Lionhearted love. Linda Tucker spoke of her journey rescuing the White Lions of South Africa from trophy hunting captivity. The white lions are living legends and communicate the power of love in stepping forwards on your path aligned to the Earth through your body.
Compassion and care. Hearing from Jill Robinson of AnimalsAsia experiences, recovery and behaviour of Bears who've been caged and had their bile drained in farms in China and Vietnam for up to 30 years. Jill has achieved huge changes in communities and legislation in government by highlighting care and compassion.
The Herd safe-guarding the group consciousness of the species. Pat McCabe talked about what it is to listen to Buffalo's herd consciousness. The whole's sense of community and well-being provides a different perspective on what death is in the continuity of life across generations.
Synthesis - What does this mean for consent?
If animals, trees, plants, and rivers are all conscious, intelligent and able to communicate, then what does that mean? It changes our understanding of our basic manners. We still need to eat, clothe ourselves and have warm shelter. What a paradox for the mind disassociated with Nature to explore! Finding the pathways to enter into loving, respectful, consensual relationships with beings of Nature through the food we eat, the clothes we wear and the landscapes and buildings of our homes. Find ways of listening through your body to respect, reverence and reciprocity in each relationship. Is this consent?
What happens if we don't get consent from Nature to do something we thought was a great idea? My experience is when you ask and get a no; you listen deeply to why and what you need to re-think about your approach. Maybe that's what we can be doing in our rethinking of human systems. There are huge needs for energy and water supplies that are answered by constructing dams. The Global Freshwater Summit was opened by Chief Caleen Sisk, who offered her dialogues with the Winnemem / McCloud River in California about dam construction. She relayed that the river expressed a desire to flow freely and would like to provide the rivers' fresh, healthy drinking water for populations downstream rather than them needing plastic bottled drinking water.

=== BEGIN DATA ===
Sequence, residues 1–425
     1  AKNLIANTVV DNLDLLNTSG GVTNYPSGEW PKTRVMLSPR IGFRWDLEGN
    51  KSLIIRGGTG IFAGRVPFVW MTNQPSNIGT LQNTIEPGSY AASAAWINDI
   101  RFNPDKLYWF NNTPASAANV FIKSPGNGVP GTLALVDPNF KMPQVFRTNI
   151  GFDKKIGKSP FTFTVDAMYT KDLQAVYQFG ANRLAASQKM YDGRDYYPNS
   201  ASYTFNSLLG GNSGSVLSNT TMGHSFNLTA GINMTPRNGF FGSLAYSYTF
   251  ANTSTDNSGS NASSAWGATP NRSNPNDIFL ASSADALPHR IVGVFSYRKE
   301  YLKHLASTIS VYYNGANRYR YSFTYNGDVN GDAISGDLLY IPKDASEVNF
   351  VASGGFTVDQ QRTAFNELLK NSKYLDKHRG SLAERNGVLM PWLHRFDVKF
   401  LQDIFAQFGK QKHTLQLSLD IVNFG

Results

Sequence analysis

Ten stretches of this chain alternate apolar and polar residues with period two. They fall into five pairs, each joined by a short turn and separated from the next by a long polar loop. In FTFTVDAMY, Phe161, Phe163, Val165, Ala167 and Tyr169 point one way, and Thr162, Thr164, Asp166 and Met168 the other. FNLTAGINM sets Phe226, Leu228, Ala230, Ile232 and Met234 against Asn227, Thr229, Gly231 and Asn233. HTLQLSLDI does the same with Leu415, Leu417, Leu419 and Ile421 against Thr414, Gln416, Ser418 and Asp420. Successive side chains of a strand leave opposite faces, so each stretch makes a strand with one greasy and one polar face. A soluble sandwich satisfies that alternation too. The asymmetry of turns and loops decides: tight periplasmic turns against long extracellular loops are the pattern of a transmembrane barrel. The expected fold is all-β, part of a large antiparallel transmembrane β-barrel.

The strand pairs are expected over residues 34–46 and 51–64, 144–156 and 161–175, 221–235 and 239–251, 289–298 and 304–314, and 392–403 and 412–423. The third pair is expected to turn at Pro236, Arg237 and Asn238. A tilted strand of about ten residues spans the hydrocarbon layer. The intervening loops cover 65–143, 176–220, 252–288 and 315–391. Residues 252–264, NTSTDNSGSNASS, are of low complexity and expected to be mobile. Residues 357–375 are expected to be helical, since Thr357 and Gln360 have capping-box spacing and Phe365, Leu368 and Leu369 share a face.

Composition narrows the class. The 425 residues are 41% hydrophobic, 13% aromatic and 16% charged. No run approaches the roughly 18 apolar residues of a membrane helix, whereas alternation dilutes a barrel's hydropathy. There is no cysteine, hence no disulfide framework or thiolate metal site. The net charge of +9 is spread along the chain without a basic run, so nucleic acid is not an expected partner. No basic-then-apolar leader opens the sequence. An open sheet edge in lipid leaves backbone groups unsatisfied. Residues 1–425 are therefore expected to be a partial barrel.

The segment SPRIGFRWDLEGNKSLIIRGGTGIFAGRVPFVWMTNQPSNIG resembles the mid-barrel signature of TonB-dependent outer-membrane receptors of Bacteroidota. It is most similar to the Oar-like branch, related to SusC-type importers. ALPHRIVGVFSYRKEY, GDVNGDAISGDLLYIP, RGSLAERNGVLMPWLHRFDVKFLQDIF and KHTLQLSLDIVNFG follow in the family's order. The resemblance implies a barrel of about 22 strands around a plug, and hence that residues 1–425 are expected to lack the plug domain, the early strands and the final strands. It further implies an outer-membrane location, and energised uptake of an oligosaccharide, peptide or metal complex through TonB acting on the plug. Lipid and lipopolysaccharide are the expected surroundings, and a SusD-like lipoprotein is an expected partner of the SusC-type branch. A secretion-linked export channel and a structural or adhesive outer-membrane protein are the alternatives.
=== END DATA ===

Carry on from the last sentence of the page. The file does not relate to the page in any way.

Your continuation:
Within TreeSisters, we are exploring these values and their ramifications within our work and reviewing many of the human systems we have been operating in for their alignment with Nature's Principles. We are very interested to hear how exploring this Global Nature Intelligence System is showing up for you in your body, life and work. The real headline news is that the consciousness of Nature we can receive directly through the waters is amplifying. Each time we ask and listen, we take another step towards the diverse and personally unique choices that help us align with life's well-being. Each time we do that, it has a huge resonance across the system. What does it look like if we can do this collectively?
Examples of TreeSister-funded projects' relationship to freshwater river systems
Isha Foundation/Project Green Hands in Tamil Nadu, India
Provides a guide to a campaign to plant, preserve and restore the Cauvery River Basin
International Tree Foundation and Communities in Kenya
Mount Kenya's ‘Water Towers' feed Rivers Tana, Ewaso Ng'iro and 2 million people.
Eden Reforestation and Community Mangroves in Mozambique
Mangrove planting in estuaries of the Maputo River from the Drakensbergs in South Africa.
Eden Reforestation and Communities in Beony Region in Madagascar
Planting along banks and the coastal bay of Betsiboka River
Photo courtesy of the Global White Lion Protection Trust